It is understood the man was using a crane mounted on a truck when the device it came into contact with powerlines.
It is understood the man was using a crane mounted on a truck when the device it came into contact with powerlines. File

Man, 60, is stable following electric shock

A PRATTEN man who received an electric shock when machinery he was operating clipped powerlines yesterday was in a stable condition in Warwick Hospital last night.

Emergency crews were called to a rural property on Clegg Lane, just north of Pratten, shortly before midday after the incident was called in.

It is understood the man was using a crane mounted on a truck to undertake home maintenance when the device it came into contact with powerlines on the property.

A Queensland Ambulance Service spokeswoman said the 60-year-old man had received a significant and serious electric shock but was "very stable" when later transported to Warwick Hospital.

The incident cut the power supply to more than 400 households in the Pratten, Bony Mountain, Thane, Wheatvale, Rodgers Creek, Leslie and several other nearby districts.

Supply was restored to 329 affected households by 2pm and the remaining 106 were back on by 2.45pm after an Ergon Energy crew attended the scene.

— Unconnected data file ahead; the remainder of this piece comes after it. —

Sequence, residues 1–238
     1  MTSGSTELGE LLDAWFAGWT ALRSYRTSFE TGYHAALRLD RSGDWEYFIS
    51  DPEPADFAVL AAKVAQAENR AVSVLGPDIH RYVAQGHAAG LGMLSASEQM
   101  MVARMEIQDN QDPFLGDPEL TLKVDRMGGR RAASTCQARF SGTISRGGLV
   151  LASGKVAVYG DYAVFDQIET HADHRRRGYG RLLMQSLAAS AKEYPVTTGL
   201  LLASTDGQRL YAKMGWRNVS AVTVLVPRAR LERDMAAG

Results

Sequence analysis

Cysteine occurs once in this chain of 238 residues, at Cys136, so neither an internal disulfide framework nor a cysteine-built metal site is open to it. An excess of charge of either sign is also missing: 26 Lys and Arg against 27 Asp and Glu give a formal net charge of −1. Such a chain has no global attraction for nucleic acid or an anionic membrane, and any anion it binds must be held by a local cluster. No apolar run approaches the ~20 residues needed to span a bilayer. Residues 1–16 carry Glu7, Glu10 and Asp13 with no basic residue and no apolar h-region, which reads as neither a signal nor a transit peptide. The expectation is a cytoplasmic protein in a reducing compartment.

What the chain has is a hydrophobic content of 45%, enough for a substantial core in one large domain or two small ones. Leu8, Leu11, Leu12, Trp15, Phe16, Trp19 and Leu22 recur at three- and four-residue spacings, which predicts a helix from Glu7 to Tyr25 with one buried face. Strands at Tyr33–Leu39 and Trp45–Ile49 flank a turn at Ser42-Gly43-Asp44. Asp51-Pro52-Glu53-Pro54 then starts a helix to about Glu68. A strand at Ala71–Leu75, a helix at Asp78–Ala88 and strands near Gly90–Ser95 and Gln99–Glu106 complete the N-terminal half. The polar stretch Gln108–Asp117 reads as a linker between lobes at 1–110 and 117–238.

An Ergon Energy spokesman reminded householders and workers to always keep in mind the "look up and live" message.

"Cranes and similar machinery are a major risk when it comes to contact with powerlines," he said.

"Always be aware of overhead powerlines when moving equipment, including ladders and lengthy metal equipment, around your property.

"This includes cleaning and painting, planting or pruning trees, cleaning pools, moving boats, farming equipment and heavy machinery.

"Stay at least three metres from the service line and attachment point - the one that connects power to most homes.

"Take care when you are cleaning gutters or working near the electrical connection point to a building or other structure."

He said when checking a property pole, the cross arm supporting the powerline, or the powerline itself, always check from the ground.

"Do not climb the pole and do not touch the powerline," he said.

"If you see a fallen powerline - stay well clear and call 000.

"Always assume fallen powerlines are live - stay clear and warn others.

Ergon also advises that trees growing into or near powerlines are dangerous as they can bring down powerlines or interrupt your electricity supply.

Remember to know where underground cables are - call Dial Before You Dig on 1100 or request your plans at http://www.1100.com.au.


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